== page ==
BRIEF DESCRIPTION OF THE DRAWINGS

FIG. 1 depicts a respiratory apparatus of the present invention.

FIG. 2 depicts a septum of the present invention.

DETAILED DESCRIPTION

The present invention relates to the delivery of a gas, fluid or alike to a patient using the nasal passage. Specifically, the current invention pertains to an improved nasal cannula that can be employed to circumvent obstructions of the nasal passage. Such obstructions include, but are not limited to, a deviated septum.

In one embodiment, an improved cannula apparatus for delivering oxygen and other gases via utilization of the nasal passage is described. The apparatus for delivering gas to a patient includes a first cannula having a distal end adapted to be received at a first depth in, for delivering a gas into, a nostril of the patient, and a second cannula having a distal end adapted to be received at a second depth in the nostril, wherein the distal end of the first cannula can receive a proximal end of the second cannula. The second cannula circumventing any obstruction of the nasal passage. The method of making an apparatus for delivering gas (e.g., oxygen) involves modifying an apparatus, including a first cannula connected for delivering fluid to a nasal cannula, and a second cannula connected to the first nasal cannula. The method of delivering gas to a patient includes inserting to a first depth a distal end of a first cannula in a nostril of the patient which will permit the affixed second cannula to circumvent any nasal obstruction such as a deviated septum.

In another embodiment, the present apparatus can be used to detect gases from a patient. Such gases include carbon dioxide.

Referring to FIG. 1, a typical nasal apparatus 10 is shown (absent element 14) for the delivery of a, e.g., a gas (such as oxygen) to a patient. This apparatus is minimally invasive and can usually be tolerated by the patient. The apparatus 10 comprises a first cannula 12 which penetrates the nasal passage anywhere from about 1 mm to about 1.5 cm. This first cannula arises from septum 20. The septum 20 is in fluid connect with a source of gas and/or a detector via one or more fluid conduits 22.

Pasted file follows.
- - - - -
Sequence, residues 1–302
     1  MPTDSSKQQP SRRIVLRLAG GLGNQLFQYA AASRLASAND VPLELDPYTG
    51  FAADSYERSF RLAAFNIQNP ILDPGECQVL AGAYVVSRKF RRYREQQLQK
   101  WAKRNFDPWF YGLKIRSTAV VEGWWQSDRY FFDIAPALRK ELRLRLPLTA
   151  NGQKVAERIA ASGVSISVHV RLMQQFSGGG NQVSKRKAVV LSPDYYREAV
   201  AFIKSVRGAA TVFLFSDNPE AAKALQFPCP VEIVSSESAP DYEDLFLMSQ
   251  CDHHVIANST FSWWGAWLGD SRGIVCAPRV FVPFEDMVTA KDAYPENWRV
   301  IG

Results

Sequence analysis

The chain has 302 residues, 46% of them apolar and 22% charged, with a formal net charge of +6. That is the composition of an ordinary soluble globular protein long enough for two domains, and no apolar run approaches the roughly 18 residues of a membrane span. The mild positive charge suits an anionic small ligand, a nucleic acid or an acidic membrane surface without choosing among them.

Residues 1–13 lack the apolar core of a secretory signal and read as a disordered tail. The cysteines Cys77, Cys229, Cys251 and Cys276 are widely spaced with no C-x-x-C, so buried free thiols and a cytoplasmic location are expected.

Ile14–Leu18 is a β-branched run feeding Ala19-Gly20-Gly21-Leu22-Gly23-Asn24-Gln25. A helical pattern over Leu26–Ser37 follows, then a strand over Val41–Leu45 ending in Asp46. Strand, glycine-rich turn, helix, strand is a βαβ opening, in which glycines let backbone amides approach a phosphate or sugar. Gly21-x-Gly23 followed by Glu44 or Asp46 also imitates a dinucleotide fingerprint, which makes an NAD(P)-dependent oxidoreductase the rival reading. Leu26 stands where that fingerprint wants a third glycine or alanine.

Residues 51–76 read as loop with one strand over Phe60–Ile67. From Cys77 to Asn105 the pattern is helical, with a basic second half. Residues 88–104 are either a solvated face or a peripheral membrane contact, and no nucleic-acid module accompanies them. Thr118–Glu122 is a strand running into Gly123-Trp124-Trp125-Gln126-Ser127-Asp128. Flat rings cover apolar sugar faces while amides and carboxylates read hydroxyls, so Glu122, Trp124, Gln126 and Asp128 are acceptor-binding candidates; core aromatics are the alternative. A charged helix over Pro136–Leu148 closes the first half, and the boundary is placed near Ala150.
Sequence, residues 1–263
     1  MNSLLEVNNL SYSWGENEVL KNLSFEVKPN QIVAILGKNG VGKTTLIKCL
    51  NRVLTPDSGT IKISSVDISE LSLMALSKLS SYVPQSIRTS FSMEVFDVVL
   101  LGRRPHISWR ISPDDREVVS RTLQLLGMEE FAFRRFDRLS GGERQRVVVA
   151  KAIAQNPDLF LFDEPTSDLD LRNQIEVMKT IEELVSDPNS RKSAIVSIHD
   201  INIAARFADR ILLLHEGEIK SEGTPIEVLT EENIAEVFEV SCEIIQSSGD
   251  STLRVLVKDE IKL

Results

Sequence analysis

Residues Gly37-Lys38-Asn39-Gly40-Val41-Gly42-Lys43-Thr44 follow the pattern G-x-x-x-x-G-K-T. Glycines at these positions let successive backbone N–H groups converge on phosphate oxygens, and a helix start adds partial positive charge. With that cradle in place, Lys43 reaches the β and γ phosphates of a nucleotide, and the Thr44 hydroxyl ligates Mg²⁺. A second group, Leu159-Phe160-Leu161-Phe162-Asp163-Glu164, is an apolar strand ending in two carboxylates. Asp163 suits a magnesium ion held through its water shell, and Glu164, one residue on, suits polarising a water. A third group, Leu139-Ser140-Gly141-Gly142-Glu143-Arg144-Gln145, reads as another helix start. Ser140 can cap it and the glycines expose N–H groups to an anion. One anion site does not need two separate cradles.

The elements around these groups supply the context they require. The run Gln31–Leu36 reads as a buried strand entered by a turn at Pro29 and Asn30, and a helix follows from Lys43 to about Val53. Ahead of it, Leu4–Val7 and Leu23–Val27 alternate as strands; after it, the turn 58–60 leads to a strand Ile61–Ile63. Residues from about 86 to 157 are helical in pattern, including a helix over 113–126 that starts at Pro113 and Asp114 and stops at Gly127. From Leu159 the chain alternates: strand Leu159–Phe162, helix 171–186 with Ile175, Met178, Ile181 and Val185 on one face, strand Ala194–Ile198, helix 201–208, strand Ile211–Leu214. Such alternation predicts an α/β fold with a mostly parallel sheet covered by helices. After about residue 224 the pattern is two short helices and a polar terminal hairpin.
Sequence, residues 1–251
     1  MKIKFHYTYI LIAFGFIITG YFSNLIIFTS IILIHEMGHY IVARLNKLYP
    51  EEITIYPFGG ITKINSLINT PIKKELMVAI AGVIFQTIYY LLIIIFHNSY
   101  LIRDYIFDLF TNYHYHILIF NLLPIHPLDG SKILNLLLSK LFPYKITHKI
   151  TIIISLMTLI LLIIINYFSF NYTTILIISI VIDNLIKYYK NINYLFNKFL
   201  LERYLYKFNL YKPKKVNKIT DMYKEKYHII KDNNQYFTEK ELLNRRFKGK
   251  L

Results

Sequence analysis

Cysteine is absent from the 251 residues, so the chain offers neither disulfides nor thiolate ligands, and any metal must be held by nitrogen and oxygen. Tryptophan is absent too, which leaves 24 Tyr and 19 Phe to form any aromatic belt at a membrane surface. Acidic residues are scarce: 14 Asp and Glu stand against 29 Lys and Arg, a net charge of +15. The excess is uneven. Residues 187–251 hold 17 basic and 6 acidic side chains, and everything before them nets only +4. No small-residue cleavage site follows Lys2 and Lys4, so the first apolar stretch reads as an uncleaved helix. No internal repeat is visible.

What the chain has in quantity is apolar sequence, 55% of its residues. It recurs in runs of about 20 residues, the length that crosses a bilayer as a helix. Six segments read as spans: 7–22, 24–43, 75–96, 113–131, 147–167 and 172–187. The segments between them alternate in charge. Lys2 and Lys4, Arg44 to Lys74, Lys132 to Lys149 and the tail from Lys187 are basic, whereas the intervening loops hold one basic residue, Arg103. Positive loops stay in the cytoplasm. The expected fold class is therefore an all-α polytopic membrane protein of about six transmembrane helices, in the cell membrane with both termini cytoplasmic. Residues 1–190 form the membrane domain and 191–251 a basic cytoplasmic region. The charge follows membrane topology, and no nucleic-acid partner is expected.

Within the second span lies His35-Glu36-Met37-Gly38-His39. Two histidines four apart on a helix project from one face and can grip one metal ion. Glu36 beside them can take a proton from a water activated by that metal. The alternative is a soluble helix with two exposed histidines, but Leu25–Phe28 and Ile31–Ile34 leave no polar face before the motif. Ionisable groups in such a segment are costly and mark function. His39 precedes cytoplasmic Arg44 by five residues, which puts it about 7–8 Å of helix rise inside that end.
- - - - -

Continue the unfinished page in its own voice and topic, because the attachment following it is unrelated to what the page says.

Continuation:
When encountering a blockage or narrowed nasal passage it can be difficult to deliver and inhalant such as oxygen. (By inhalant it is to be understood that both gases and liquids are included.) This can be due to, for example, a deviated septum. By essentially elongating the cannula in order to bypass the obstruction, delivery of the inhalant can be effected. Referring to FIG. 1 again, a second cannula 14 can be affixed to the first cannula 12, wherein the first and second cannuli are in fluid communication. The second cannula can be any suitable dimension that facilitates delivery of an inhalant to a patient bypassing any obstruction in the nasal canal. For example, the second cannula 14 can range from about 5 mm to about 5 cm or more.

The second cannula can be affixed to the first cannula by any means well known to those skilled in the art. For example, the second cannula can be affixed to the first cannula by friction. A suitable adhesive can be applied so that the second cannula is permantly affixed to the first cannula.

Materials suitable for the second cannula is that which is well known by the skilled artisan. Preferably, the second cannula will be flexible yet non-collapsible, such as the material currently used to manufacture nasal cannula.

Referring to FIG. 2, a septum 20 of the present invention can comprise a membrane 24 such that the first cannulas 12 a and 12 b can have diverse functions. For example, cannula 12 a can be used to deliver a gas such as oxygen while cannula 12 b can be employed to detect a gas such as carbon monoxide. (It should be obvious to one skilled in the art that there is no significance to which first cannula is used for a particular purpose.) The membrane 24 can be comprised of any suitable material known to those skilled in the art such as a plastic. This membrane 24 facilitates the delivery and detection of gases simultaneously.

The respiratory apparatus of the present invention to be secures about a patient's head by means well known to those skilled in the art.

While this invention has been particularly shown and described with references to specific embodiments, it will be understood by those skilled in the art that various changes in form and details may be made therein without departing from the spirit and scope of the invention as defined by the appended claims.

Classifications
U.S. Classification128/207.18
International ClassificationA61M16/00
Cooperative ClassificationA61M16/0672, A61M16/0666, A61M2016/0021
European ClassificationA61M16/06L
Legal Events
DateCodeEventDescription
Jan 23, 2008ASAssignment
Owner name: RICKLEFS, JOYCE G., MASSACHUSETTS
Free format text: ASSIGNMENT OF ASSIGNORS INTEREST;ASSIGNOR:RICKLEFS, DONALD P.;REEL/FRAME:020402/0950
Effective date: 20080117